Notes of a Frustrated Academic
I can be best described as a frustrated academic. My colleagues and I have been doing research on these issues for years, yet are mostly ignored. We report on the failures of simplistic programs like Scared Straight, DARE, Just Say No, mandatory sentencing, truth in sentencing, and other repressive laws, all of which have failed to reduce crime, as our research makes clear. Yet they keep funding such programs and passing such legislation. I am reminded of a famous comment by Ben Franklin that “The definition of insanity is doing the same thing over and over and expecting different results”
As just one example take the drug war. I have often argued that “nothing succeeds like failure” and the drug war is one among many examples. Mike Gray, author of Drug Crazy (one of the best books on the drug war) expresses my sentiments exactly when he writes that: “Not only has America nothing to show for this monumental effort, but the failed effort has clearly made everything worse. After blowing hundreds of billions of dollars and tens of thousands of lives, the drugs on the street today are stronger, cheaper, more pure, and more widely available than at any time in history…You can buy it [drugs] in the school yard, in the alley, and you can buy it in small Indiana farm towns that just a few years ago had never even heard of the stuff.” Need I mention of the recently defeated Question 7 here in Nevada?
As if this is not bad enough, I often think of all the unjust sentences handed down. What other country – save Third World countries ruled by dictators – will you find harsher sentences? Where else will you find thousands of petty offenders receiving what amounts to life sentences? Where else will you find prosecutors, looking ahead to re-election, seeking the most outrageous sentences just to show the voting public how “tough on crime” he is?
While you are reading this, there are thousands of people behind bars that should not be there. (Yes, of course, there are many that certainly should be there.) During the past year and a half I have become intimately familiar of one gross case of injustice. A young man (who grew up in Las Vegas) got involved with a criminal organization in the Los Angeles area about 20 years ago. He was, admittedly, somewhat of a “hood” and did some crimes he now regrets. However, his last offense involved robbery and kidnapping (along with a few other members of this “mob”) where no one was killed. The DA offered him a deal which would involve a big reduction of his sentence, but only if he offered information about the rest of this “mob.” In other words, the DA wanted him to be a “snitch.” He refused the deal (for obvious reasons). The DA “threw the book at him” and gave him two 20 year sentences to run consecutively (this is where you serve the first sentence and when you are done with that you start serving the next, rather than the more common practice of serving them concurrently – two sentences combined into one – in this case he would have served 15 years, less good time credits).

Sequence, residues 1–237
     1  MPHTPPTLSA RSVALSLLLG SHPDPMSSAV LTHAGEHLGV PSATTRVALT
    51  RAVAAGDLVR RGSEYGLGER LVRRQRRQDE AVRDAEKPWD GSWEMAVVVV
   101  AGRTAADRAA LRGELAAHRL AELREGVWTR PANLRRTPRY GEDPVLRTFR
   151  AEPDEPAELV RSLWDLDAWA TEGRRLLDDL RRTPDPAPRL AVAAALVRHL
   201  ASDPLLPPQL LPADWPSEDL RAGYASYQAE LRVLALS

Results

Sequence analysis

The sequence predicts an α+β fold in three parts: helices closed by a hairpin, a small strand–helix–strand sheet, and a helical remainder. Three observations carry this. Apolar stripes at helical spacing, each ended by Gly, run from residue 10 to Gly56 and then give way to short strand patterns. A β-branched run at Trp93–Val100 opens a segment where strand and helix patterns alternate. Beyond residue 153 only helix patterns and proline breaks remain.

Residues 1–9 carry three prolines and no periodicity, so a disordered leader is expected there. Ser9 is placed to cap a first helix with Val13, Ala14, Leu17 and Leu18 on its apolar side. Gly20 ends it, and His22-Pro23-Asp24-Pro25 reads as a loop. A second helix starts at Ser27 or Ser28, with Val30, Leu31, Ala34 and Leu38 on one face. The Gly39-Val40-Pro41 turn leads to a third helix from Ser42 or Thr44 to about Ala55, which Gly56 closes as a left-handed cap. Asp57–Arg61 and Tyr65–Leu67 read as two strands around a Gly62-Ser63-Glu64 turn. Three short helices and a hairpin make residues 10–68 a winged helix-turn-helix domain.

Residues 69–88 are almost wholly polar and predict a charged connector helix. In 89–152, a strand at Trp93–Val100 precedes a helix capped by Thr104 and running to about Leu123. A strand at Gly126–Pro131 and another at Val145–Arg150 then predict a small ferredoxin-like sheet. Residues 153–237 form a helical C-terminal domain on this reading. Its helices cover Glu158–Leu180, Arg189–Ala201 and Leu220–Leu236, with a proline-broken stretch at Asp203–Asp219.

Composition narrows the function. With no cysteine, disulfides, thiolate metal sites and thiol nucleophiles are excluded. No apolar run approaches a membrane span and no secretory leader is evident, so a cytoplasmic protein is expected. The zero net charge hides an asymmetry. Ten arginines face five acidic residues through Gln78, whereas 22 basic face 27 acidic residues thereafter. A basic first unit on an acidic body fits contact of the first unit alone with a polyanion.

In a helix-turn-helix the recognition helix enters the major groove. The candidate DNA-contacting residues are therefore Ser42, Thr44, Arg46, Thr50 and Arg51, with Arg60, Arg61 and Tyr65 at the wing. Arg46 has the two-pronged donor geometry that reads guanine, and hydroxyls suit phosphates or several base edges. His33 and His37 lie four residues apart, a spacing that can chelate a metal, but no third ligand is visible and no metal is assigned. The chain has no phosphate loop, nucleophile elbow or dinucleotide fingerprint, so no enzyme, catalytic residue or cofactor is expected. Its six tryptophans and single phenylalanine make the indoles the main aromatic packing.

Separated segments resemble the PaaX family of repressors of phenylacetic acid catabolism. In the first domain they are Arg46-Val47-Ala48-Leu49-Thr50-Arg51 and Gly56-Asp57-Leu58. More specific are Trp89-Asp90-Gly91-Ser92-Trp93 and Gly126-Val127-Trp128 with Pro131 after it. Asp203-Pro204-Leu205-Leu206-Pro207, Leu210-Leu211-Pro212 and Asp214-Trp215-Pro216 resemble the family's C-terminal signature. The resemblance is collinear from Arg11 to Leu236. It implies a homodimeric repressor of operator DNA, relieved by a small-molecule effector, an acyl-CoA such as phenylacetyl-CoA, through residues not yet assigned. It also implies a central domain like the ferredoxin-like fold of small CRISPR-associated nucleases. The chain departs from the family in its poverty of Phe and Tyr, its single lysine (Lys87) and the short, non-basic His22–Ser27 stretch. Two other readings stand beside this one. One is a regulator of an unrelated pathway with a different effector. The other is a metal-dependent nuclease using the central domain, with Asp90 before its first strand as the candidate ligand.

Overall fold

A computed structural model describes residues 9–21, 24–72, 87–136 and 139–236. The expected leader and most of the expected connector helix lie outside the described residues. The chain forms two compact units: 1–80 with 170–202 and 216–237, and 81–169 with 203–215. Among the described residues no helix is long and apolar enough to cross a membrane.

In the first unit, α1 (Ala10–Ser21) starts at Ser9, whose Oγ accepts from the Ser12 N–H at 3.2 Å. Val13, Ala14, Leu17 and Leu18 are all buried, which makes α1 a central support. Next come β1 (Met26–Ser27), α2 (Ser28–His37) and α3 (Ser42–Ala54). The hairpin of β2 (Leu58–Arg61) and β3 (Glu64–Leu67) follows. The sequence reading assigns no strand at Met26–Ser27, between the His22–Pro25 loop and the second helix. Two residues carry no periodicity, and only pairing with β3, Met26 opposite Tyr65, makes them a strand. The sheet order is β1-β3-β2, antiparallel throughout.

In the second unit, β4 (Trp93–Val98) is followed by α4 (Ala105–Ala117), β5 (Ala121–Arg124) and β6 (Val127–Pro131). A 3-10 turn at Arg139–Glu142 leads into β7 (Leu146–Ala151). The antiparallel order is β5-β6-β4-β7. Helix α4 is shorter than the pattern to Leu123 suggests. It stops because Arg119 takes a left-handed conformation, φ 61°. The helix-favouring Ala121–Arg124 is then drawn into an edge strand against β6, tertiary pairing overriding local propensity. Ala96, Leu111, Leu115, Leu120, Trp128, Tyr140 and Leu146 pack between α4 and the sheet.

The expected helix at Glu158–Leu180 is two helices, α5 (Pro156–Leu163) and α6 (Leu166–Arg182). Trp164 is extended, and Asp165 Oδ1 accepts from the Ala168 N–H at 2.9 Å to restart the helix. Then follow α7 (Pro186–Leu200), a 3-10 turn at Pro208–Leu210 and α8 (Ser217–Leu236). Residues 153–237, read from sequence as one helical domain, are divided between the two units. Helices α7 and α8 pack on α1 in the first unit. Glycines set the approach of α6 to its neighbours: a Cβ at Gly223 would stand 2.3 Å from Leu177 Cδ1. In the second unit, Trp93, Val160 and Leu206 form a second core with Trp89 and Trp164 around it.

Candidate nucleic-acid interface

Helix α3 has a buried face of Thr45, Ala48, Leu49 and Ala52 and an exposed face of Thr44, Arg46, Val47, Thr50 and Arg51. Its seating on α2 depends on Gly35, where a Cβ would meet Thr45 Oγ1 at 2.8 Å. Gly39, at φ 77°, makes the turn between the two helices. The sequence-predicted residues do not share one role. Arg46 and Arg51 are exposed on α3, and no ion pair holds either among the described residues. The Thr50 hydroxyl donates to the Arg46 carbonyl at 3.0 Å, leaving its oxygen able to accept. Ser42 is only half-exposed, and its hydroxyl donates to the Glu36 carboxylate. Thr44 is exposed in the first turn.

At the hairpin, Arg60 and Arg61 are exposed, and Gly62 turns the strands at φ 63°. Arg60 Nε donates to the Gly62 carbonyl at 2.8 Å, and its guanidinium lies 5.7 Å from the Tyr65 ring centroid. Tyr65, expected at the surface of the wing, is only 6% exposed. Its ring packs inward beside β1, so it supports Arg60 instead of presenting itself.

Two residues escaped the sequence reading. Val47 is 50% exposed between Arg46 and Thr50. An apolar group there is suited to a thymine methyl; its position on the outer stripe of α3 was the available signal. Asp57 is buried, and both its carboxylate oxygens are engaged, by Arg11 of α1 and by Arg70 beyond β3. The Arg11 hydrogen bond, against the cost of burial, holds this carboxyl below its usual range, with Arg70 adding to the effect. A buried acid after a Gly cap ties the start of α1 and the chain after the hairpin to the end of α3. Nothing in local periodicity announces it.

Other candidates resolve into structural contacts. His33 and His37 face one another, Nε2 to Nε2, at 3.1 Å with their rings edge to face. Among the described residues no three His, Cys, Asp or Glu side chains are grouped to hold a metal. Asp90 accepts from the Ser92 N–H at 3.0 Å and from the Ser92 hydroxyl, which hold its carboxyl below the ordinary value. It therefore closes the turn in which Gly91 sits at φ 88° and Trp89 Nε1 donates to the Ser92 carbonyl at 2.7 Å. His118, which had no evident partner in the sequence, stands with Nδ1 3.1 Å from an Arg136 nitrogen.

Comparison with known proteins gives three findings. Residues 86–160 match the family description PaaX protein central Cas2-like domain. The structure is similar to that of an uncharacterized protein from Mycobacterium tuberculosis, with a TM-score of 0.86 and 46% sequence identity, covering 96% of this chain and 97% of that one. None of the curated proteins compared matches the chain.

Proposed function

Today this man is in his 40s and has already served more time than the average convicted murderer (yes, I checked this through the Bureau of Justice Statistics). He has become an exemplary prisoner (as I have learned through prison officials). He now regrets his past, has taken responsibility and has made amends. His family is trying to get the governor of California to grant a commutation of his sentence. His parents are in their sixties; one has cancer. They may not live long enough to see him set free. Yes, he did some bad things and harmed some people, but all I can say is: when is enough, enough?
Another example is provided in John Grisham’s latest book, The Innocent Man. Grisham is most famous for his novels about lawyers (e.g., The Firm) but this is his first venture into non-fiction and it is as good as any of his books. Read this book and see for yourself.
These are the kinds of cases that really piss me off. They are also part of the reason why I continue to emphasize the negative aspects of our system of justice.
© 2006, Randall G. Shelden. All rights reserved. No part of this may be reproduced without permission from the author.